Myanmar people have a long torturous history that would compel them to be impressed by the story of a man held in a cage by enemies, only to survive and become a "big man" himself, even more powerful than his captors. This is the story they hope will come to be for their own national hero, Aung San Suu Kyi. They can appreciate McCain's story far better than any American voter. Yet in reality, they don't have a vote of any kind, so they don't bother speculating much. No one I spoke with realized that McCain had been to Myanmar in 1995. This is probably because he was there to visit with democratic icon Aung San Suu Kyi, and the government wouldn't likely broadcast that information on MRTV.
McCain, in fact, has been by far the most outspoken for Myanmar. In 2003, he called for then Secretary of State Colin Powell to boycott a trip to the region and encourage Myanmar's neighbors to increase pressure on the regime to hand over power to the democratically elected party that won elections in 1990. He has since called for increased international sanctions. His wife Cindy is an even more out-spoken critic of the regime. In June, she vowed to make human rights in Myanmar an issue if she were to become first lady. She then went on to call the ruling junta "a terrible group of people" who rape and starve their own people.
She may be right, but this sort of name-calling is exactly what has forced the paranoid junta to dig in and cling to empirical, iron-fisted control of the country. This sort of threatening language is what has made them ignore outside pressures and violently maintain their hold on power. They have positioned themselves, uniquely protected by both China and India. They also maintain a valuable economic lifeline with their ASEAN neighbors. The threat of further sanctions by John McCain and the acerbic, albeit accurate, name-calling by Cindy is easily dismissed by the ruling junta. Until China, India or ASEAN starts making threats, they are sitting pretty.
Here might be Obama's opportunity to try a new tack. Throughout the presidential race he has been the candidate who has said that he will engage rogue states, not just shut them out of the game. He has said that he will "not only work with countries we like but also with those we don't." Engagement with the Myanmar junta might be the first step toward real change. After all, it is worth a whole-hearted try. Nothing else has worked for the last forty years.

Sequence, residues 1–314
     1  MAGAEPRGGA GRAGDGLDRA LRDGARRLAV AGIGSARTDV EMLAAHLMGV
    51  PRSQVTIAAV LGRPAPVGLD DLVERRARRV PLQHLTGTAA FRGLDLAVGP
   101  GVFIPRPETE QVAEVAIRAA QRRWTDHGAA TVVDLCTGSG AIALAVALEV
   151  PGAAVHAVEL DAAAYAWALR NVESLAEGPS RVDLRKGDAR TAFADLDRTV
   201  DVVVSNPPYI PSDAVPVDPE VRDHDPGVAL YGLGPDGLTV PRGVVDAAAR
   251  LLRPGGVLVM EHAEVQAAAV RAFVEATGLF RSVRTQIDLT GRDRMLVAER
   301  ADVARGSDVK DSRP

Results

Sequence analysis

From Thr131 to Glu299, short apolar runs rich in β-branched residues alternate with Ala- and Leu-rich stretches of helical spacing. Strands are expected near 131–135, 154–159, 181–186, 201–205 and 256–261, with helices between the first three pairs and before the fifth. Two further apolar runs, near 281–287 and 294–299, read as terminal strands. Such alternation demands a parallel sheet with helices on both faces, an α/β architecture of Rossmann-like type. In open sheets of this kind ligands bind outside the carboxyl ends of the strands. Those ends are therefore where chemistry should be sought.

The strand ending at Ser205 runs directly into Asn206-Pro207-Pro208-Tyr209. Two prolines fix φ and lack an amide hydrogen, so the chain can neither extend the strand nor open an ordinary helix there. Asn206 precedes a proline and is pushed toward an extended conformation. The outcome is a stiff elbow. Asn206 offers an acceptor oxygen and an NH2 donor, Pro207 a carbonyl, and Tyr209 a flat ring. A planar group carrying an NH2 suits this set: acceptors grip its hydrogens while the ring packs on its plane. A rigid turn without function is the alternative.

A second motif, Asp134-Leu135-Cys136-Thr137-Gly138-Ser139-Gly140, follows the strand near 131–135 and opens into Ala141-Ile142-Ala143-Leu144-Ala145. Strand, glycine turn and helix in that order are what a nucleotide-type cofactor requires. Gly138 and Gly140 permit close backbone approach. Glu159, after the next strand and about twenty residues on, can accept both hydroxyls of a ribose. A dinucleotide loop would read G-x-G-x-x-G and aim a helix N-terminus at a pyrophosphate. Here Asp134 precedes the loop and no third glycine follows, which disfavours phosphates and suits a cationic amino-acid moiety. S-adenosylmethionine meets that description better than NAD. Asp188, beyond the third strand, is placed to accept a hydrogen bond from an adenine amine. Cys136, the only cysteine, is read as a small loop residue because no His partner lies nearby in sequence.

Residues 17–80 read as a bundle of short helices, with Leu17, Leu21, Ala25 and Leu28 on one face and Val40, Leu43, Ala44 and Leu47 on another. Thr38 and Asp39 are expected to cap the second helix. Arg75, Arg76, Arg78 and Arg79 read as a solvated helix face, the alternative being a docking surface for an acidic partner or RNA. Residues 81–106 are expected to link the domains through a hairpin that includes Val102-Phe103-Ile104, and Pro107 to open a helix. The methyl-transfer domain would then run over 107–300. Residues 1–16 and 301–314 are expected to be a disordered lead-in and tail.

The citizens have given up on the idea that the US or the UN will come to liberate them like they did for Iraq. Even with their sparse news, they eventually came to see that the US never went there to liberate. This is a popular topic because Myanmar people love to make analogies. In 2003, when the US invaded Iraq, many Myanmar people were elated. They heard George Bush say that we were invading to rid the peace loving people of Iraq of a terrible dictator. The Myanmar people took note, saying, "that's us, too!" When it was decided that Saddam had to go because he killed his own people, they nodded their heads in approval, knowing their leader had done the same. If Iraq was due for regime change, Myanmar clearly had to be very close to next-on-the-list. Then lots and lots of time went by and they saw what was happening in Iraq, or rather what was not happening. There was no blossoming of democracy. The teashop scuttlebutt spun around rumors of "Americans getting richer and Iraqis not getting any freer." Slowly they began to realize that no one was coming to liberate them. There would be no regime change, unless they made a public, international demand for it.
In September 2007, Buddhist monks and university students took to the streets en masse. The people joined them until the streets were filled with hundreds of thousands of citizens screaming Doyay! (democracy). Then the troops came. Just like in 1988, a bloody stamp down on these protesters put a brutal end to their uprising almost as quickly as it had emerged. On day three of the riots, a man approached me and asked where was the UN? Where was the USA? Didn't they see all this on the news? I didn't know how to answer him. I held his desperate eyes and all I could think to say was, "You already know."